America is rapidly aging in a country built for the young | FCHS AP HUMAN GEOGRAPHY | Scoop.it

"Although we seldom think about them this way, most American communities as they exist today were built for the spry and mobile. We've constructed millions of multi-story, single-family homes where the master bedroom is on the second floor, where the lawn outside requires weekly upkeep, where the mailbox is a stroll away. We've designed neighborhoods where everyday errands require a driver's license. We've planned whole cities where, if you don't have a car, it's not particularly easy to walk anywhere — especially not if you move gingerly.

This reality has been a fine one for a younger country. Those multi-story, single-family homes with broad lawns were great for Baby Boomers when they had young families. And car-dependent suburbs have been fine for residents with the means and mobility to drive everywhere. But as the Baby Boomers whose preferences drove a lot of these trends continue to age, it's becoming increasingly clear that the housing and communities we've built won't work very well for the old."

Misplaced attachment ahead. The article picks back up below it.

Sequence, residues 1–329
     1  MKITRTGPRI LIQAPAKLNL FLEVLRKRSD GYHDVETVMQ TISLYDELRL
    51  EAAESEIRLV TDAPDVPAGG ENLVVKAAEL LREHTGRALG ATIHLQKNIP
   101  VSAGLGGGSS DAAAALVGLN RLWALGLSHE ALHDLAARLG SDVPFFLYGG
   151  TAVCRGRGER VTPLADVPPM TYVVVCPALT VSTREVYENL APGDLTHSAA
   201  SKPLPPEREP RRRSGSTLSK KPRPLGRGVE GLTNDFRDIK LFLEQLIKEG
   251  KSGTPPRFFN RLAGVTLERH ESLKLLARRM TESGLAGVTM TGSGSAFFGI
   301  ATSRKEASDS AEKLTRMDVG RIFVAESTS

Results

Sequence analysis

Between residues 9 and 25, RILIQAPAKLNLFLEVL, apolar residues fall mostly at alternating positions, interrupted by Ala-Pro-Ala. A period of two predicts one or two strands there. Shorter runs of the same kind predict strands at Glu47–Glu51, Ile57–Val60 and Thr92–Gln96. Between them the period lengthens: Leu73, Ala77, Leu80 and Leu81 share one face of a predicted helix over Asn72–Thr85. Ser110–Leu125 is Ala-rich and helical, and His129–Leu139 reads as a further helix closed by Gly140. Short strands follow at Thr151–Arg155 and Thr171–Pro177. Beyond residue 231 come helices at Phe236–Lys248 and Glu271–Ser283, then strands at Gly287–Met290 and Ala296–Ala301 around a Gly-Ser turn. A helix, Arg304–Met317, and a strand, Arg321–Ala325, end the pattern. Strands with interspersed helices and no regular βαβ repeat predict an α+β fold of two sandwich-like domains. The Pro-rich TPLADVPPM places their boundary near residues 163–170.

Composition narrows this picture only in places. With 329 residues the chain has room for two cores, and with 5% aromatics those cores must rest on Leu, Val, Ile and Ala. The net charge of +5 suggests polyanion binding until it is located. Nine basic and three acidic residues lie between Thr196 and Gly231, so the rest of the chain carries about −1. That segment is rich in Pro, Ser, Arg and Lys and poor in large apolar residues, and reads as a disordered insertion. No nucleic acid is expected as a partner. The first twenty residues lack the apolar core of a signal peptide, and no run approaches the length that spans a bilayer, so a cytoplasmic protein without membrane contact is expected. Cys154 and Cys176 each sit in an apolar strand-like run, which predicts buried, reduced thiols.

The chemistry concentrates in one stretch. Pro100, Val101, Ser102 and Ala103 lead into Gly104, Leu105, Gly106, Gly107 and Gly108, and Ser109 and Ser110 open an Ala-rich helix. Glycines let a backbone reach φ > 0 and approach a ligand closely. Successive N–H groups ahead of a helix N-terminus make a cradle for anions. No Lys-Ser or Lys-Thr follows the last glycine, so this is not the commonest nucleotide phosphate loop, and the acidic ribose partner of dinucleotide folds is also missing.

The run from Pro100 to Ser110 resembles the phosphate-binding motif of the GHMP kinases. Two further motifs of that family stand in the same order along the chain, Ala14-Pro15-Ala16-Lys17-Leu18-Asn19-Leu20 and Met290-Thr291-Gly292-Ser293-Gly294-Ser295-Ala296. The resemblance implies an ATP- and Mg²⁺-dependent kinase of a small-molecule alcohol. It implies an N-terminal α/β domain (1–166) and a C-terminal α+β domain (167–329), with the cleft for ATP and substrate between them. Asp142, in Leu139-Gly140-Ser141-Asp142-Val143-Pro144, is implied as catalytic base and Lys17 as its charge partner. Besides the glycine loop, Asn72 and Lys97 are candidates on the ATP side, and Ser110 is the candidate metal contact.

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Lorraine Chaffer's curator insight, September 19, 11:52 PM

Option topic: urban environmental change and management

MsPerry's curator insight, September 21, 12:14 PM

APHG-U2

Wilmine Merlain's curator insight, Today, 9:47 AM

This reality is detrimental to the future of our society because it focuses on the now rather than looking into long terms on how these changes will impact our world in the long run. Looking at the way our society is progressing, these changes are relevant in major metropolitan cities, where the job market is attractive to the young rather than those with over 30 years of experience. In our society, not many see retirement being in the center of the city. Creating a society that accommodates both the young and the old, along with the married and unmarried is pivotal to the progression of  our ever changing world. 

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The world as it is: The influence of religion